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Protease inhibitors of the sulfonamide type: Anticancer, antiinflammatory, and antiviral agents

Supuran, C. T., Casini, Angela and Scozzafava, A 2003. Protease inhibitors of the sulfonamide type: Anticancer, antiinflammatory, and antiviral agents. Medicinal Research Reviews 23 (5) , pp. 535-558. 10.1002/med.10047

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Abstract

The sulfonamides constitute an important class of drugs, with several types of pharmacological agents possessing antibacterial, anticarbonic anhydrase, diuretic, hypoglycemic, and antithyroid activity among others. A large number of structurally novel sulfonamide derivatives have ultimately been reported to show substantial protease inhibitory properties. Of particular interest are some metalloprotease inhibitors belonging to this class, which by inhibiting several matrix metalloproteases (MMPs) show interesting antitumor properties. Some of these compounds are currently being evaluated in clinical trials. The large number of sulfonamide MMP inhibitors ultimately reported also lead to the design of effective tumor necrosis factor-α converting enzyme (TACE) inhibitors, potentially useful in the treatment of inflammatory states of various types. Since both MMPs and TACE contribute synergistically to the pathophysiology of many diseases, such as arthritis, bacterial meningitis, tumor invasion; the dual inhibition of these enzymes emerged as an interesting target for the drug design of anticancer/antiinflammatory drugs, and many such sulfonamide derivatives were recently reported. Human neutrophyl elastase (HNE) inhibitors of the sulfonamide type may also be useful in the treatment of inflammatory conditions, such as emphysema, cystic fibrosis, chronic bronchitis, ischemia reperfusion injury, and acute respiratory distress syndrome. Inhibition of some cysteine proteases, such as several caspase and cathepsin isozymes, may lead to the development of pharmacological agents effective for the management of several diseases, such as rheumatoid arthritis, inflammatory bowel disease, brain damage, and stroke. Another research line that progressed much in the last time regards different sulfonamides with remarkable antiviral activity. Some clinically used HIV protease inhibitors (such as amprenavir) possess sulfonamide moieties in their molecules, which are critical for the potency of these drugs, as shown by means of X-ray crystallography, whereas a very large number of other derivatives are constantly being synthesized and evaluated in order to obtain compounds with lower toxicity or augmented activity against viruses resistant to the such first generation drugs. Other viral proteases, such as those isolated from several types of herpes viruses may be inhibited by sulfonamide derivatives, leading thus to more effective classes of antiviral drugs.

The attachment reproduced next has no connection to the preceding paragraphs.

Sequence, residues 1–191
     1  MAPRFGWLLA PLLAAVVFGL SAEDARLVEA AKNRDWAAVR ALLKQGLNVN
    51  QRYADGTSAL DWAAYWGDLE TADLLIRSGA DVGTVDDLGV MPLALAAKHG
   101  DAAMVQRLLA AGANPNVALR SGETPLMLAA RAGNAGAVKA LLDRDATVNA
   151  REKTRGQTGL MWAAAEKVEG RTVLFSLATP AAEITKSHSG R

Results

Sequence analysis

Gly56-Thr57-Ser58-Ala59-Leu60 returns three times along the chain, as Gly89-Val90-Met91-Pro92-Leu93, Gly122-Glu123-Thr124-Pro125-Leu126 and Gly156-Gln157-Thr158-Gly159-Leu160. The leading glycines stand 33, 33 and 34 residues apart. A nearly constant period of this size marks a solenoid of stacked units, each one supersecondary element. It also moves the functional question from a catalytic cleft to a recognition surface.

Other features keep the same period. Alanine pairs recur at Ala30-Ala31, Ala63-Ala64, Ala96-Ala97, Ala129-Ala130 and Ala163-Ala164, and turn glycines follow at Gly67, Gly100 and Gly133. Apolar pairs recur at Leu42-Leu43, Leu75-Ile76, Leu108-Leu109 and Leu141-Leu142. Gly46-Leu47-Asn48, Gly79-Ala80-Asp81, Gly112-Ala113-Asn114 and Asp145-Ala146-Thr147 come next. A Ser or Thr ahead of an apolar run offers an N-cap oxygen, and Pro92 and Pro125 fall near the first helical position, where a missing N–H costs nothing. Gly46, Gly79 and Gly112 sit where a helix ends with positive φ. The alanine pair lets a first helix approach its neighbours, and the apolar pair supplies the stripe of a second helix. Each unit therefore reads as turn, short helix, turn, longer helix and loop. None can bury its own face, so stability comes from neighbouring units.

Item Type: Article
Date Type: Publication
Status: Published
Schools: Chemistry
Subjects: Q Science > QD Chemistry
Uncontrolled Keywords: antiviral;anticancer;antiinflammatory agents;caspase;cathepsin;HCMV;HIV;HNE;HSV;matrix metalloprotease;sulfonamide;TACE
Publisher: John Wiley & Sons
ISSN: 0198-6325
Last Modified: 04 Jun 2017 08:49
URI: http://orca.cf.ac.uk/id/eprint/85545

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